The Dubna-Livermore collaboration has strengthened their claim for the discovery of ununpentium by conducting chemical experiments on the decay daughter 268Db. In experiments in June 2004 and December 2005, the Dubnium isotope was successfully identified by milking the Db fraction and measuring any SF activities.[4][5] Both the half-life and decay mode were confirmed for the proposed 268Db which lends support to the assignment of Z=115 to the parent nuclei.

Official claim of discovery of element 115

Sergei Dmitriev from the Flerov laboratory of nuclear reactions (FLNR) in Dubna, Russia, has formally put forward their claim of discovery of element 115 to the Joint Working Party (JWP) from IUPAC and IUPAP.[6] The JWP are expected to publish their opinions on such claims in the near future.[citation needed]


Ununpentium is historically known as eka-bismuth. Ununpentium is a temporary IUPAC systematic element name. Research scientists usually refer to the element simply as element 115.

Future experiments

As a primary next-goal for the Dubna team, they are planning to examine two products of the 243Am + 48Ca using mass spectrometry in their state-of-the-art MASHA machine. They will attempt to isolate the dubnium products, convert them chemically into a volatile compound, most likely 268DbCl5, and measure the mass directly.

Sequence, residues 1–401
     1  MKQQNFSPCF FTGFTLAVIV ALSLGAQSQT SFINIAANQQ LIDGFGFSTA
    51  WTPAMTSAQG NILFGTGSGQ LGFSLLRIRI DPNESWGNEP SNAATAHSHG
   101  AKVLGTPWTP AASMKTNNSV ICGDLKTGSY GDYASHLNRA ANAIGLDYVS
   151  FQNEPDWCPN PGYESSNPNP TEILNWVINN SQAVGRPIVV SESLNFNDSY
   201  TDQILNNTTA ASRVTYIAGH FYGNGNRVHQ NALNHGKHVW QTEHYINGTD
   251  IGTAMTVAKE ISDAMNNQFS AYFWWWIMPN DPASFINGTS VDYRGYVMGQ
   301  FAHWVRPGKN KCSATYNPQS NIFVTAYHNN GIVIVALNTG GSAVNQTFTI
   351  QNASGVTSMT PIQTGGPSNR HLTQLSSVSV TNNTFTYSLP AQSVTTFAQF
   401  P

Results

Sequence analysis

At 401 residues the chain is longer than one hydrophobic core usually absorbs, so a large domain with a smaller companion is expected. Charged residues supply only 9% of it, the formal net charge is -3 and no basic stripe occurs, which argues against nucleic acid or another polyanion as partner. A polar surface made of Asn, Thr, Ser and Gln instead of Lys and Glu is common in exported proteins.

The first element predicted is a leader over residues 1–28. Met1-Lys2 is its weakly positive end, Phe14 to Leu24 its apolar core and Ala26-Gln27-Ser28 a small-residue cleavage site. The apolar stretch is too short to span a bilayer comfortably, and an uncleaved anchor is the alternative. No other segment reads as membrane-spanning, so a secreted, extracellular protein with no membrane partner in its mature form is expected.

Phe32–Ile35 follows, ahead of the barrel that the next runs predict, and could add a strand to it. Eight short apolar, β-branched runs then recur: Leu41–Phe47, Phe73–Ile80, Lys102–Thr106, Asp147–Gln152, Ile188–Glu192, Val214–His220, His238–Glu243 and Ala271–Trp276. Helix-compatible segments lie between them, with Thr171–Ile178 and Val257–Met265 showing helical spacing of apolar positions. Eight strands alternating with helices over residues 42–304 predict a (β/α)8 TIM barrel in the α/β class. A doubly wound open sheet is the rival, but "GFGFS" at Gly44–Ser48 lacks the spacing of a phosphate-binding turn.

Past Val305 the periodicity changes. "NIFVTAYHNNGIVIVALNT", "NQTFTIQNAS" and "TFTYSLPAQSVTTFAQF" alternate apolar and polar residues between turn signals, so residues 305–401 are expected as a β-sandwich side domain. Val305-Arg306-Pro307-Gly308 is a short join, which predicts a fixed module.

The FLNR also have future plans to study light isotopes of element 115 using the reaction 241Am + 48Ca.[7]

Isotopes and nuclear properties


Target-projectile combinations leading to Z=115 compound nuclei

The below table contains various combinations of targets and projectiles which could be used to form compound nuclei with Z=115.

Target Projectile CN Attempt result
208Pb 75As 283115 Reaction yet to be attempted
232Th 55Mn 287115 Reaction yet to be attempted
238U 51V 289115 Failure to date
237Np 50Ti 287115 Reaction yet to be attempted
244Pu 45Sc 289115 Reaction yet to be attempted
243Am 48Ca 291115 Successful reaction
241Am 48Ca 289115 Reaction yet to be attempted